It's easy to see which of us was hard at work, and which of us was goofing off. I have the distinct honor of being the one caught coming out of the bathroom. I hope that doesn't count as my fifteen minutes of fame!
I think there were fourteen of us at the meeting. There's a few more of us every time we get together. Our next planning get-together is March 23rd. If you are in the area, stop in!
You've just gotta love the internet. Thanks to the totally open-sourced nature of Wikipedia, I was able to list the Apex Class of 1979 website in the External Links section of the Wikipedia page about Apex High School. Check it out!
Now, theoretically, people all over the planet could stumble onto our site. If we wind up with hundreds of foreign tourists crashing our reunion on September 6th, well, we know where they came from!
Wednesday, February 19, 2014
This really took me back to 1979. The Knack, Donna Summer, Chic, Rod Stewart.
I guess my favorites are along the lines of "What a Fool Believes" by the Doobie Brothers and "The Logical Song" by Supertramp. Really the whole "Breakfast in America" album.
We really did have great music. Back in our day, musicians didn't "sample" a successful predecessor's work, and most of them actually played a musical instrument, even competently.
The music...even the disco...still sounds great. Enjoy!
Wednesday, February 12, 2014
That (above) is a gas line during the energy crisis of 1979. Remember?
Since starting this project of reconnecting with all of you Apex 1979 classmates, I have been searching for pictures that document our days in Apex. Cameras are prolific today, and everyone has an enormous number of pictures, documenting everything from profound events to everyday moments. Pictures today don't carry the same value as they did when we were in high school.
Constant picture taking was not the norm back in 1979. There was no such thing as digital photography. Pictures took effort and consumed resources. As a result, much of our daily life was not documented in photographs.
While in school, I worked as the soda jerk at Bennett's Pharmacy in downtown Apex. Anyone who remembers Mr. Bennett's store probably remembers that Mr Bennett ran a classy, friendly, home town place that was fun to visit.
I loved working there. I got to make lemon-aids and orange-aids the old fashioned way, with real fruits. I'd slice them and squeeze them in a manual press to extract the juice, then mix that juice with the simple syrup I had made from hot water and lots and lots of sugar. Nothing is better.
I remember making vanilla Cokes for customers. I even remember a day that an elderly local came in and asked for an ammonia Coke. I had no idea what that meant.
Mr Bennett told me to go and get a bottle of ammonia form the shelf, and to put a tablespoon of it in a fountain Coke.
It calmed the nerves, as I remember. Who knew?
I remember talking with Mr. Bennett about the gas crisis that raged in 1979. I told him I wanted to store gallons of gasoline under my parents' house, in empty milk jugs. He quietly advised me that such a plan would possibly end in a big explosion that destroyed the house. I abandoned the idea.
Remembering all of the wonderful memories I had working at Bennett's Pharmacy led me to search in vain online for pictures of the street (Salem street?), or the pharmacy. I turned up nothing.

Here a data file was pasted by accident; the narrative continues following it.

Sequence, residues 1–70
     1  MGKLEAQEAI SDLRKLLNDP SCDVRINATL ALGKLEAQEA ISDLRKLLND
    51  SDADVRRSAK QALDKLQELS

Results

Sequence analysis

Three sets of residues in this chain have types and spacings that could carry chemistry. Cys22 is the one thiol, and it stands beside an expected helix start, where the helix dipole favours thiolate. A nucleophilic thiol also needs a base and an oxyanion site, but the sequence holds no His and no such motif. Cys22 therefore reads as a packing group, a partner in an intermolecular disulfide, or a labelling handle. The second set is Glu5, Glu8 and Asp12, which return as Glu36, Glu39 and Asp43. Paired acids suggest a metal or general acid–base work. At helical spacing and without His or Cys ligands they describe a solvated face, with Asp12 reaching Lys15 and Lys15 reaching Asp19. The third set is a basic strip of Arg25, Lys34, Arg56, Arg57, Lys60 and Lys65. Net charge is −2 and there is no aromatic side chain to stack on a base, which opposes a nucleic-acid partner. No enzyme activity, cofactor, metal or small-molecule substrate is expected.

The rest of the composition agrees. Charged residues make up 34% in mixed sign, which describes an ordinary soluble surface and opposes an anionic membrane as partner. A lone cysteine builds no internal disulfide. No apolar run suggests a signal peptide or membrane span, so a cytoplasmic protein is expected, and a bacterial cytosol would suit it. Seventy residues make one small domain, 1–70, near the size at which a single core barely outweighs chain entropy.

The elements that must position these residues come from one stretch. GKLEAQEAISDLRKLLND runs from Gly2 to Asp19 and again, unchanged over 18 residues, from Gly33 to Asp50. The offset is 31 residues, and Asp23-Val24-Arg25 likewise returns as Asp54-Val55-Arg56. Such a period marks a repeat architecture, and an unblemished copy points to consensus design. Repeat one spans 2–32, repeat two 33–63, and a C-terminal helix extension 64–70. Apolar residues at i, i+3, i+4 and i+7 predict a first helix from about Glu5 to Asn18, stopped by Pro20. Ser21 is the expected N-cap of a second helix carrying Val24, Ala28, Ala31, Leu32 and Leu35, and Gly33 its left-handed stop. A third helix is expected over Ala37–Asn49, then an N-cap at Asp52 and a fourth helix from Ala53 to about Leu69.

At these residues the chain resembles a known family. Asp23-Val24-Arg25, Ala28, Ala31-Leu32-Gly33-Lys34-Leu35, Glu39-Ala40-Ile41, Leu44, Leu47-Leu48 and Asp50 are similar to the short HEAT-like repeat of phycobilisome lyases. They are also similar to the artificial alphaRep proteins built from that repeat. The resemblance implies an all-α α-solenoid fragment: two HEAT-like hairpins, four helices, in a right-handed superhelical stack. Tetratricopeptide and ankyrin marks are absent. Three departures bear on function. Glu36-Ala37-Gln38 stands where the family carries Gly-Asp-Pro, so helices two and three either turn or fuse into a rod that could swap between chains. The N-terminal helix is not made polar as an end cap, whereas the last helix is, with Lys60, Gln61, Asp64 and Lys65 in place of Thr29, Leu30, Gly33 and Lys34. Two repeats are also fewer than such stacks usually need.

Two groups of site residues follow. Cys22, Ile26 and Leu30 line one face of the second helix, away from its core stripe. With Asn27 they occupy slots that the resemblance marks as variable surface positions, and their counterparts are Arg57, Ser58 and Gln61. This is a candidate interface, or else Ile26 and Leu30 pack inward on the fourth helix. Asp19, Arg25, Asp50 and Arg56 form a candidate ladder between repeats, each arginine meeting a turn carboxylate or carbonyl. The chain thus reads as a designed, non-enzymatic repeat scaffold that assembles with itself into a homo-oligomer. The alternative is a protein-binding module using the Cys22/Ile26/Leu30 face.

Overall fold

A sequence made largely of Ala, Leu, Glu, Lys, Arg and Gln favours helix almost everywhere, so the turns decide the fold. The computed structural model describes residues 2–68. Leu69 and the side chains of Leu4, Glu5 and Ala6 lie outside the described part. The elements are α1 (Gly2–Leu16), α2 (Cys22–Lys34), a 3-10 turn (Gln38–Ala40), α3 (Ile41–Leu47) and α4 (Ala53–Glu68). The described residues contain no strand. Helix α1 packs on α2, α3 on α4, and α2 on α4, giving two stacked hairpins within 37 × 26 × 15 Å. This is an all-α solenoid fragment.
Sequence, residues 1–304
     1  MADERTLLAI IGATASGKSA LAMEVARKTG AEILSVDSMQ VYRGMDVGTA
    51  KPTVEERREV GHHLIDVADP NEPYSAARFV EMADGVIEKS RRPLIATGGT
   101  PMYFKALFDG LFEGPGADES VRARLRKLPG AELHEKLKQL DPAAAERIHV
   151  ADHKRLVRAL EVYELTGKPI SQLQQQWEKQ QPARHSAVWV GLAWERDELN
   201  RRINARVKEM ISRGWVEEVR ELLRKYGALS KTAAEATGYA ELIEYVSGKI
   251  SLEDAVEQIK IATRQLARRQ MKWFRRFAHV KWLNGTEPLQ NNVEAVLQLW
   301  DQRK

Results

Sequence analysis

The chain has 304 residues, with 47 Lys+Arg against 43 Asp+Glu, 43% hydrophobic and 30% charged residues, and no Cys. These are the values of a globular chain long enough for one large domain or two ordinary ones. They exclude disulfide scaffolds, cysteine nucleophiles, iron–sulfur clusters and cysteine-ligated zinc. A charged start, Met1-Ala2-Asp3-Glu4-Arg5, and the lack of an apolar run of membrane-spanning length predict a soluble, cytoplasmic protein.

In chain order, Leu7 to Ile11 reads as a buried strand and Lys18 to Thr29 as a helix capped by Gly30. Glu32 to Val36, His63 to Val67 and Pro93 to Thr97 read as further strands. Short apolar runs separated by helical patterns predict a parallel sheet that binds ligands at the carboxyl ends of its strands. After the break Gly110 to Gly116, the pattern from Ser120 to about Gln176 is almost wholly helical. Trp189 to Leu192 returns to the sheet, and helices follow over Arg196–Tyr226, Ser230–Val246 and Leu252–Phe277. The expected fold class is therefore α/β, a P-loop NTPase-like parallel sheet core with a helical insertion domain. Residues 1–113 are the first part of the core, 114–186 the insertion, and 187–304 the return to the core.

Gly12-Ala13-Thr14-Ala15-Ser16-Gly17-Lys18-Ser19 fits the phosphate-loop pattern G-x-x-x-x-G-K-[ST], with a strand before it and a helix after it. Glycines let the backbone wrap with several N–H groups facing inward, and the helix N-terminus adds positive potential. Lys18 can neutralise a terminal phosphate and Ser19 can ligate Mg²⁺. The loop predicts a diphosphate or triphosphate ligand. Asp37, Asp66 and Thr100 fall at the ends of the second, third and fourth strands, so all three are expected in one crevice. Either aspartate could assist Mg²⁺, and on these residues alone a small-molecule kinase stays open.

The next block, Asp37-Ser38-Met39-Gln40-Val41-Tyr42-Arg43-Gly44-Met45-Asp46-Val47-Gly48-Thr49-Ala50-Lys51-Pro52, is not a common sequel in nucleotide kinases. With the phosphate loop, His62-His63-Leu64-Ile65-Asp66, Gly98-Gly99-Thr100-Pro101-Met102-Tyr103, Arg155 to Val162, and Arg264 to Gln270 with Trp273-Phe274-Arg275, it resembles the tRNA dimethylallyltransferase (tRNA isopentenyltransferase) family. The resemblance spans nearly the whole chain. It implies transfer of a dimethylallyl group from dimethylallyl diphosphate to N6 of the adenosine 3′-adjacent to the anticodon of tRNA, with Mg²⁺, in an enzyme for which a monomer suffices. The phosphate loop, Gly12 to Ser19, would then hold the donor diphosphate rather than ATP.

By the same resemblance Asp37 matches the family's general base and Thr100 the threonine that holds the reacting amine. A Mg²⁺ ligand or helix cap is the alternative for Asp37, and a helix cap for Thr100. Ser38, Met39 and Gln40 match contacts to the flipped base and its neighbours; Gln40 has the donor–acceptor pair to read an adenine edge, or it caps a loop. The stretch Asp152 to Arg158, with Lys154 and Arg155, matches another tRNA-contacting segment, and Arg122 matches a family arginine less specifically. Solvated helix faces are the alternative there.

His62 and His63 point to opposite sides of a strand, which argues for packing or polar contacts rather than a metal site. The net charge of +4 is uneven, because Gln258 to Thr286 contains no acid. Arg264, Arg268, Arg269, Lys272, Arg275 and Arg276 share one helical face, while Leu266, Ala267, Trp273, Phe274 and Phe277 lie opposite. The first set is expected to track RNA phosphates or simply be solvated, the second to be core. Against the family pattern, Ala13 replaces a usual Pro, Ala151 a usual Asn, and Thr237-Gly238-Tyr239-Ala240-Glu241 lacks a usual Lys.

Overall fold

The point of this story is just this: I need your photos to make the blog come alive. We all had our afternoon jobs and our familiar routines. Memories of those routines most likely feel as precious to you now as my memories of Bennett's Pharmacy do for me.
Please contact me if you have photos. I'll arrange to scan them and get them back to you, or if you are able to scan, even better. Send your scanned photos, or messages about photos that need to be scanned, to email@example.com.
Extra credit for you if you have pictures of Bennett's Pharmacy!
Saturday, February 8, 2014
Look at everything that was happening in 1979!
1979 was the year that Skylab re-entered Earth's atmosphere, disintegrated, and burned up over Australia. BTW, Pluto was still a planet when we graduated.
The first Sudoku was published. Back then, it was called "Number Place."
About the time we graduated, the Gossamer Albatross, a human powered plane, successfully crossed the English Channel.
1979 was the year that "Alien" hit the movie theaters. Man, that movie scared me.
"Mad Max," too.
Although Apple didn't release the iPod until October 23, 2001, the technology was invented in 1979. Meanwhile, we were lugging our gigantic boom boxes around everywhere...
...unless we had a Sony Walkman, also invented in 1979.
The compact disk player, too.
Rollerblades and snowboards...
An Nacho Cheese Doritos! Remember these commercials?
Thirty-five years! It’s hard to fully appreciate what a long time that really is.
Think about it. Thirty-five years is enough time to bring children into the world, raise them to adulthood, and watch them leave home and start their own lives.
How about thirty-five years measured in cars? For me, that’s fifteen. Homes and apartments? Twelve. Pets? I can’t even count them all.
It’s long enough that as I sat to write this post, I had to really struggle to remember what life at Apex High School was like back in 1979. Eventually, the memories have started coming back into focus, but they are way down deep inside, where they have laid quietly for most of my life.
It feels good to wake them up.